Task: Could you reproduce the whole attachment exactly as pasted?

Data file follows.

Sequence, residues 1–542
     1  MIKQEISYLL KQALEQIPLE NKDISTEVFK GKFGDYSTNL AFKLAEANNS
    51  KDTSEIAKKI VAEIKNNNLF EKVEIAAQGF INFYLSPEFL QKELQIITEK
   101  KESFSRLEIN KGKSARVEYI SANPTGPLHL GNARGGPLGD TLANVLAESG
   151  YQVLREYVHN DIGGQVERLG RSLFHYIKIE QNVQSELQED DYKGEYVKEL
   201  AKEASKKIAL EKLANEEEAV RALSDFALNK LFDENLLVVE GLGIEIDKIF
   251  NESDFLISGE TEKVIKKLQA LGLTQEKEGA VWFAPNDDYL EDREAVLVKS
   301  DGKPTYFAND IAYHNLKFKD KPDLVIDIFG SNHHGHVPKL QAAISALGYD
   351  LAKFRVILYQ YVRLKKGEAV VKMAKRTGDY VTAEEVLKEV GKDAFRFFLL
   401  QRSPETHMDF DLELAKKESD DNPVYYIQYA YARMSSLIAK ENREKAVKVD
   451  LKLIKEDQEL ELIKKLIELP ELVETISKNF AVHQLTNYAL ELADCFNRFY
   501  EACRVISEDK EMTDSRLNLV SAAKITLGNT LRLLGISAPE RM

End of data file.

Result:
Sequence, residues 1–542
     1  MIKQEISYLL KQALEQIPLE NKDISTEVFK GKFGDYSTNL AFKLAEANNS
    51  KDTSEIAKKI VAEIKNNNLF EKVEIAAQGF INFYLSPEFL QKELQIITEK
   101  KESFSRLEIN KGKSARVEYI SANPTGPLHL GNARGGPLGD TLANVLAESG
   151  YQVLREYVHN DIGGQVERLG RSLFHYIKIE QNVQSELQED DYKGEYVKEL
   201  AKEASKKIAL EKLANEEEAV RALSDFALNK LFDENLLVVE GLGIEIDKIF
   251  NESDFLISGE TEKVIKKLQA LGLTQEKEGA VWFAPNDDYL EDREAVLVKS
   301  DGKPTYFAND IAYHNLKFKD KPDLVIDIFG SNHHGHVPKL QAAISALGYD
   351  LAKFRVILYQ YVRLKKGEAV VKMAKRTGDY VTAEEVLKEV GKDAFRFFLL
   401  QRSPETHMDF DLELAKKESD DNPVYYIQYA YARMSSLIAK ENREKAVKVD
   451  LKLIKEDQEL ELIKKLIELP ELVETISKNF AVHQLTNYAL ELADCFNRFY
   501  EACRVISEDK EMTDSRLNLV SAAKITLGNT LRLLGISAPE RM